We are damaged provider modules

(September 3, 2007)

Scents are encrypted messages from the world to our brains. They are not cut-and-dry sensory data like visual cues, nor immediate external instructions like sounds, which are able to spur our central nervous systems into action before our conscious minds can react. (See also: Humans' responses to the scream of a baby or the roar of a lion.) They are subtle, whether owing to the weakness of our noses or the indirect nature of their purpose, and they build nothing concrete. Their encoded contents speak of time, calling stored memories rather than presenting themselves directly; they tie everything together, but when experienced alone, they are elusive and difficult to place.

There is a bottle of hand soap in the kitchen at my office that smells like an Oakville apartment I will never see again. I haven't been seeking opportunities to use it, but whenever I do, I find myself playing with my hair or one of my earrings, hoping to catch a whiff of history. Its scent is one of those nebulous constructions designed in a laboratory and tested on ten thousand discerning consumers; it's labeled something unevocative like "Spring Mist." Lacking the olfactory power of a bloodhound, I have no idea what spring mist smells like, so I have assigned the soap's scent to its label, rather than assigning a label to the scent.

But the actual smell of the product makes no difference. I had no idea that I even remembered it – scents are impossible for me to recall offhand, unlike other sensory information - but the first time I used it at work, it was so familiar that I was locked in brief but all-consuming remembrance. When its unidentifiable essence wends its way to my brain, it summons a jumble of images and sounds, pulling them out of the sticky morass of my collected memories without chronology or logic.

Paper airplanes, a falling screen door, five hundred glasses of blue Kool-Aid, Marge Simpson's grating mumble, laughter and yelling and the occasional snore: they appear out of nowhere, branching out from every inhalation to fill my mental queue for just as long as the scent lingers. They reach further back, snagging only tangentially related memories; other places and other times, their individual contexts erased. Each moment is separated from the original location it held in my mind and couched in an overriding sense of regret, interweaving into a painful little spirit quest sponsored by the good people at Proctor & Gamble.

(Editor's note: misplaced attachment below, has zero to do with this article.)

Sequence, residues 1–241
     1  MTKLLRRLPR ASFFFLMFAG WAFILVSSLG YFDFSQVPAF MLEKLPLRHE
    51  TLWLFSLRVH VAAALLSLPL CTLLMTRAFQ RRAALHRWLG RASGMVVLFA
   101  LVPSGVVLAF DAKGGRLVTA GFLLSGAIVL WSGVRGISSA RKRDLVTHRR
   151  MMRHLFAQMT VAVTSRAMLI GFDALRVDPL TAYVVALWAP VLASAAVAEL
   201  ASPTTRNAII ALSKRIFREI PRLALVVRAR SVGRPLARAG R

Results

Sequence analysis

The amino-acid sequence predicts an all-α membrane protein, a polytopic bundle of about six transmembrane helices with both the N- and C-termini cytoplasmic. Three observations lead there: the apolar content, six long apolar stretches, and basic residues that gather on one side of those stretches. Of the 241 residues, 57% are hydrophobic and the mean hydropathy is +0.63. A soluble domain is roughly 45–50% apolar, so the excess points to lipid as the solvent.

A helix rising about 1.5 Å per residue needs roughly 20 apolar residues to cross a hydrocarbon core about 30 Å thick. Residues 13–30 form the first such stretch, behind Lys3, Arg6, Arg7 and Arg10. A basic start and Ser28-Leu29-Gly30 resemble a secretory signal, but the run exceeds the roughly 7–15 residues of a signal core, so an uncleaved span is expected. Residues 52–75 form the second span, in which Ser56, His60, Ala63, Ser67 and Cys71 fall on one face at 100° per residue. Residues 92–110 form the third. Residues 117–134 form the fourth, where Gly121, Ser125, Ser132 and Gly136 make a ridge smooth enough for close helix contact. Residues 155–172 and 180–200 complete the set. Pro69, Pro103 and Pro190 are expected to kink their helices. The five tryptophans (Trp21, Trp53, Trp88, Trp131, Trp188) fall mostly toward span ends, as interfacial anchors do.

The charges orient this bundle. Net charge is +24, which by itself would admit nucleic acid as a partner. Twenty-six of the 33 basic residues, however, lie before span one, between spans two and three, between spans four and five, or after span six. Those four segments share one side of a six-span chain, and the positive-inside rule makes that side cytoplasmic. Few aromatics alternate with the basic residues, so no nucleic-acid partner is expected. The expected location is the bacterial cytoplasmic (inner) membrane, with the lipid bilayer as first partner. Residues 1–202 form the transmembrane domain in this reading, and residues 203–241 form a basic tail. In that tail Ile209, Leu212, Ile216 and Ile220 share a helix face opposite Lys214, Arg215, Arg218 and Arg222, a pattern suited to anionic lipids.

Scents also have the power to retrieve memories that no longer quite exist, quiet messages from the past that have been buried under the thick sediment of passing years. I have a good memory, but there is still the occasional half-spectre brought on by a whiff of something not quite familiar; it is the memory of a memory, a silhouette that suggests that something should be there to fill it. If smells act as pointers to the information we have stored, then some of them are poorly-programmed, pointing to memory that has been rellocated or corrupted. The soap brings on some of these, too: half-formed scenes and emotions that I know I should remember, but which are no longer accessible. It reminds me that memories are the work of a collective, rather than an individual; to remember, we must speak of memories with the people who share them.

But until then, there's a bottle of liquid memory available next to the dish dryer, its contents ready to speak, Enigma-to-Enigma, to the brain capable of decrypting them.